Key to the series is the astonishing artwork of Alex Milne for sure but the real star is the script power of James Roberts. Although everyone who works in comics nowadays is a fan-turned-pro, Roberts is particularly special: a founding member of the huge Transformers UK fanfiction community, Roberts eventually wrote Eugenesis, a novel-length fanfic that actually has astonishing literary skill behind it, believe it or not, and sunk about 1000 pounds of his own money into putting it into print. Eventually, when IDW Publishing had picked up the license, he was tapped to write a few stories here and there and then given full control of this book. What makes his writing work for me is that he imbues all these characters–some new, some established characters–with enough personality and charm that they stand on their own, even if you aren’t familiar with them. As somebody not familiar with the ’80s Transformers continuity, this is a big help for me and I look forward to this book every month.
But there’s one I look forward to even more…
I had heard of writer Brian K. Vaughn (Y: The Last Man for Vertigo and Runaways for Marvel) and artist Fiona Staples (Marvel’s T.H.U.N.D.E.R. Agents) but I had never read anything by them until I saw the first issue of this science fiction series for $1.99. I picked it up as an impulse purchase, but one look at the terrific worldbuilding and gorgeous gorgeous artwork and I was hooked. Just look at this stuff:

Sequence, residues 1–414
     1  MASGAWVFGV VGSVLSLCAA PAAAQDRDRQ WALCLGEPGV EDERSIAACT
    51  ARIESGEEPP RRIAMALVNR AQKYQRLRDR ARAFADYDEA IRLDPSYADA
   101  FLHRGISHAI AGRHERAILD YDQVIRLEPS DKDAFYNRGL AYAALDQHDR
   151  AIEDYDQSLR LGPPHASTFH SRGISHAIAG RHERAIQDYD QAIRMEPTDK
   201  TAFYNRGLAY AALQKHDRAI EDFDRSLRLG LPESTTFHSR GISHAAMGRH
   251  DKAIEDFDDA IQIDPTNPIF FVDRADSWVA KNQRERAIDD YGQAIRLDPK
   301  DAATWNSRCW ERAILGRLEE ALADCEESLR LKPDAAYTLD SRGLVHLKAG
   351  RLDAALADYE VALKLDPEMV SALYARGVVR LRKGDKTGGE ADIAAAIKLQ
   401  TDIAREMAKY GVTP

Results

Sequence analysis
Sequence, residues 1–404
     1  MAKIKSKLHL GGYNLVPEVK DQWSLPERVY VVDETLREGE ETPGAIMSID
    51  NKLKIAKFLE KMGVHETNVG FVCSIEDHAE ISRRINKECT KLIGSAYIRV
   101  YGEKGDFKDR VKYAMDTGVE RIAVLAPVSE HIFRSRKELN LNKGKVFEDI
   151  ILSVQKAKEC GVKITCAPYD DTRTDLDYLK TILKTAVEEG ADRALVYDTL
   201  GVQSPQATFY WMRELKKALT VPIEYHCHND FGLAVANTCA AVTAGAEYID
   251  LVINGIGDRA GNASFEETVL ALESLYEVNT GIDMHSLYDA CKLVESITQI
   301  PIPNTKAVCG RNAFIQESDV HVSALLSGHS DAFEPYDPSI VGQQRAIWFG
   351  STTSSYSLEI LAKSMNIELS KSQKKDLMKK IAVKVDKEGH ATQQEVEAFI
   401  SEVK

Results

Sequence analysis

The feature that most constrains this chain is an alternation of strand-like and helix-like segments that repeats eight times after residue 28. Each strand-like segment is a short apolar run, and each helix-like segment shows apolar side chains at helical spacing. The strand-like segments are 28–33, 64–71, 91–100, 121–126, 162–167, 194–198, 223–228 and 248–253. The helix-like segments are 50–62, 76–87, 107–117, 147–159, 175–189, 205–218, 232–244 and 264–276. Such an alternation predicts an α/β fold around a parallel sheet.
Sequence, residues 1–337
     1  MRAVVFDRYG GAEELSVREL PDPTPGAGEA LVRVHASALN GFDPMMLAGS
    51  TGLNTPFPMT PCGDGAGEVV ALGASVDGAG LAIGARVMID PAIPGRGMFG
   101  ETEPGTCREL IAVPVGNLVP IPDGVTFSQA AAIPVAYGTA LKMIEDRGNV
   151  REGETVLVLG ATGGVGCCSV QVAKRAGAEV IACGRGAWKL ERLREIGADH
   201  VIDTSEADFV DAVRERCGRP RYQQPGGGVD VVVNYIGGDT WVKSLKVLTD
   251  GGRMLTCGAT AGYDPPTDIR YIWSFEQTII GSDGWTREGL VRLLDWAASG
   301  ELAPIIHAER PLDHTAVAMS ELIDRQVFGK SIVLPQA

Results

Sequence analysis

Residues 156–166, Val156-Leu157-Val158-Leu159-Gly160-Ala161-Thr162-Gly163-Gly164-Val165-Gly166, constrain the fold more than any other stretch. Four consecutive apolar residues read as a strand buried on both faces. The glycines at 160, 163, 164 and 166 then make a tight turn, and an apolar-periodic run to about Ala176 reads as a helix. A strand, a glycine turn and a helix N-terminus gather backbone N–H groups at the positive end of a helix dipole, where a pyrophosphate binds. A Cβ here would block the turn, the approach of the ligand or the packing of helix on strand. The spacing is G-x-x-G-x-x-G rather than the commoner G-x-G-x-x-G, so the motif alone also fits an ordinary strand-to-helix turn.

If her art doesn’t get nominated for anything big next comics award season, I’ll hate everything.
At its heart, this is a star-crossed lovers story. Marko–the ram-horned guy–and Alana–short-haired chick who, although you can’t really see it, has wings–are soldiers on different sides of a bitter interstellar war. Alana hails from the technologically-advanced planet of Landfall, while Marko comes from the magic-using people of the planet’s moon Wreath: the two planets have been in endless conflict but when Alana, a prison guard, and Marko, a prisoner, fall in love, bust out and have a baby named Hazel (who narrates the series as an adult), the war gets a new focus. In addition to their own peoples hunting for them, they also have bounty hunters on their trail and Prince Robot IV from the Robot Empire following them. So yeah, pretty tense yet typical stuff. But Vaughn’s terrific scripts and Staples’ amazing art make this stand out from the rest.
The series only has 8 issues right now because it started in March and, after the first story arc, the book took a 2-month break to allow the two to rest and for Staples to get ahead on artwork. But the first trade collection is out now and it’s only for $10 so you have no excuse, people. Check it out.
Well, that was fun. Given my update schedule, I won’t post another one of these until after New Year’s Eve, but hey, I know y’all won’t mind.